Advocate represented its Client before a Motor Accident Claims Tribunal and charged a fee of Rs. 10,00,000 [Rupees Ten Lakhs]. Tribunal awarded compensation. Client was compelled to sign a further cheque, in favour of Advocate, towards payment of a certain percentage of decretal amount. That cheque stood dishonoured and Advocate in due time initiated proceedings under Section 138 of The Negotiable Instruments Act, 1881.
Client’s main contention was, ‘charging of a percentage of decretal amount’ is hit by Section 23 of The Contract Act, 1872 being against professional ethics and public policy, and cheque issued by her was not in discharge of any liability and no presumption arose in favour of her Advocate that cheque represented a ‘legally enforceable debt’. In any case, such presumption stood rebutted by settled law towards fee based on a percentage of result of litigation being illegal.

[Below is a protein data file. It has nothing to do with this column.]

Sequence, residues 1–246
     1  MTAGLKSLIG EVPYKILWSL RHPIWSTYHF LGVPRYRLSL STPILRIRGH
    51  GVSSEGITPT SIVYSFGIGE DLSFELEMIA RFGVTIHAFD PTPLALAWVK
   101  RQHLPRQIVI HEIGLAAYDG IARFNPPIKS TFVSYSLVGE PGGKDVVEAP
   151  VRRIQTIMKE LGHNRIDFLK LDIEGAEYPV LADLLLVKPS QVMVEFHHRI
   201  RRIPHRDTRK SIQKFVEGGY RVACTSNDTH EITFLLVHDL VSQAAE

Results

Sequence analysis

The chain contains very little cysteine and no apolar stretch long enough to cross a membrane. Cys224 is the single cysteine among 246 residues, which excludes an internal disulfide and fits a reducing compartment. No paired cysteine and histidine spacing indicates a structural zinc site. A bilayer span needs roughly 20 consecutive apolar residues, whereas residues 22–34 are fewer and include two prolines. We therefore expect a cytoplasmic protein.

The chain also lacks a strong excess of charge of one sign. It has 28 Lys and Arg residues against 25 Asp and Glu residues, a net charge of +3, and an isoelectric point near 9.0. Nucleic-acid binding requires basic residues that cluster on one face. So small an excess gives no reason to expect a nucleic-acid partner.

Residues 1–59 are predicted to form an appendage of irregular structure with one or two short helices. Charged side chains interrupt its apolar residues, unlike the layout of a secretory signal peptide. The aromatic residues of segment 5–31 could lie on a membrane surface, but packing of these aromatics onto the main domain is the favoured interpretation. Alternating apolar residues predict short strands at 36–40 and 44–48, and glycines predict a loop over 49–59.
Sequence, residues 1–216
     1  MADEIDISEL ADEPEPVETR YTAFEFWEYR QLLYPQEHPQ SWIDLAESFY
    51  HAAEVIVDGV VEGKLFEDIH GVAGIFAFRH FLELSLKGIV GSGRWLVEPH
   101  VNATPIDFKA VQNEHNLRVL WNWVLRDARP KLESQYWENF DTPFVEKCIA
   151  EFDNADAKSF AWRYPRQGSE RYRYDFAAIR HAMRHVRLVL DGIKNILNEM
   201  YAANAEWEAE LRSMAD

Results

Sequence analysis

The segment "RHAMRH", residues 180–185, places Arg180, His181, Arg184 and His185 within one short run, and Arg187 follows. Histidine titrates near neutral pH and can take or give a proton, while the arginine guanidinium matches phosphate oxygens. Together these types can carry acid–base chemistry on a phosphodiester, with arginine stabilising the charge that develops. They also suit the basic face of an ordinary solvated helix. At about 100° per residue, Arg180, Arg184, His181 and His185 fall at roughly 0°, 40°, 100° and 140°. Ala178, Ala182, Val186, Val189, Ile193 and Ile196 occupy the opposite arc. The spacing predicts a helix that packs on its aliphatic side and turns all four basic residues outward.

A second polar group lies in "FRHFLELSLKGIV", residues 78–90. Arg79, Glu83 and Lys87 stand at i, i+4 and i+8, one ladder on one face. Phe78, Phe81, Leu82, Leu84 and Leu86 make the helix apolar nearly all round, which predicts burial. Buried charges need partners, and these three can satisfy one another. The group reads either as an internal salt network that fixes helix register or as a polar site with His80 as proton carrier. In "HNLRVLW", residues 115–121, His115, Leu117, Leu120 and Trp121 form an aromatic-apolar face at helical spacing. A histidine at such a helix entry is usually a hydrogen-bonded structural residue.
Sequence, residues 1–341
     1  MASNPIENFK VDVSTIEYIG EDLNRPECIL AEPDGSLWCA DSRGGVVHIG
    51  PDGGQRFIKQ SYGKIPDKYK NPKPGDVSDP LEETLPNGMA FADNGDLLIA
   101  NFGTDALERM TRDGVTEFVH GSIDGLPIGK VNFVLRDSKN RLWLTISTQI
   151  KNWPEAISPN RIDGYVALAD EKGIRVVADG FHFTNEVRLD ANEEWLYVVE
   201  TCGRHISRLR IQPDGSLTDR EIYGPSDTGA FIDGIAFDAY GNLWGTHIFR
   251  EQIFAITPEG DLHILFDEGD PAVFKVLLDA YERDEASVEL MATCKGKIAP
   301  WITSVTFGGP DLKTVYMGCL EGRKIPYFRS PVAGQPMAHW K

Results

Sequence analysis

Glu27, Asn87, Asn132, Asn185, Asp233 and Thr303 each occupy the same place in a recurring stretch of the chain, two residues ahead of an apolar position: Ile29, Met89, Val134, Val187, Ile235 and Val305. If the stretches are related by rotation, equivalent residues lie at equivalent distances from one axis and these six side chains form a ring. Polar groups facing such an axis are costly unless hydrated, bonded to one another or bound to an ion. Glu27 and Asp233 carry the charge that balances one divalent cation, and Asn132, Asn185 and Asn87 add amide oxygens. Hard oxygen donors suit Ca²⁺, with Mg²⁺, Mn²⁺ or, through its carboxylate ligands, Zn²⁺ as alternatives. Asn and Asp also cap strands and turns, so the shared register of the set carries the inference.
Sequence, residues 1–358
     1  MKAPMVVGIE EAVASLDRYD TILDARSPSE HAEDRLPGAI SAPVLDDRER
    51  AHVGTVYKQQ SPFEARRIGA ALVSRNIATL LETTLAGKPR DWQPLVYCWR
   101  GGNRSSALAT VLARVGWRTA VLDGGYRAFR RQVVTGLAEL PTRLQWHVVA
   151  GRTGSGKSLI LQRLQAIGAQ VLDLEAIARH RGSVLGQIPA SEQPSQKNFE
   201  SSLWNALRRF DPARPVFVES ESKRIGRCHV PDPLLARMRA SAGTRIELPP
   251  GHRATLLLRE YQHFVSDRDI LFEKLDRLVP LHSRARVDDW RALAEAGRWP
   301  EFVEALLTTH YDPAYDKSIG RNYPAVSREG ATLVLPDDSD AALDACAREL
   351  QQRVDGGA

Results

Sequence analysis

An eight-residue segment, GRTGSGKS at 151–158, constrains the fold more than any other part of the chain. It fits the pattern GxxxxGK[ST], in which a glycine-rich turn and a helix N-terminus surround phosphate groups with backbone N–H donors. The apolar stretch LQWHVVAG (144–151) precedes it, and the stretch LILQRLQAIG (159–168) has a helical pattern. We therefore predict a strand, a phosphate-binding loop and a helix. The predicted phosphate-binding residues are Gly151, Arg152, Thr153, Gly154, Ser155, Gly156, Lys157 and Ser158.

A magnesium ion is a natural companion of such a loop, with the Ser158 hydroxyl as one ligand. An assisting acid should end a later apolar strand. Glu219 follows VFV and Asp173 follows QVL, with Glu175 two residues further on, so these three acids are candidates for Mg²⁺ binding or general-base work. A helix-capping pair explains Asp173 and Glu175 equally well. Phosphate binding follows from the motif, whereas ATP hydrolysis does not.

Recently SC, while quashing proceedings against Client, in B. Sunitha v. State of Telengana, [Criminal Appeal No. 2068 of 2017] held:
“Bombay High Court in Re: KL Gauba, AIR 1954 Bom 478 held, fees conditional on success of a case and which gives Lawyer an interest in subject matter tends to undermine status of profession. Same has always been condemned as unworthy of legal profession. If an Advocate has interest in success of litigation, he may tend to depart from ethics.
Mr. G: Senior Advocate of Supreme Court, (1955) 1 SCR 490 held, claim of an Advocate based on a share in subject matter is a professional misconduct.
Rule 20 of Part VI, Chapter II, Section II of The Standard of Professional Conduct and Etiquette reads: Advocate shall not stipulate for a fee contingent on results of litigation or agree to share proceeds thereof.
Thus, mere issuance of cheque by Client may not debar him from contesting liability. If liability is disputed, Advocate has to independently prove contract. A claim based on a percentage of subject matter in litigation cannot be basis of a complaint under Section 138.”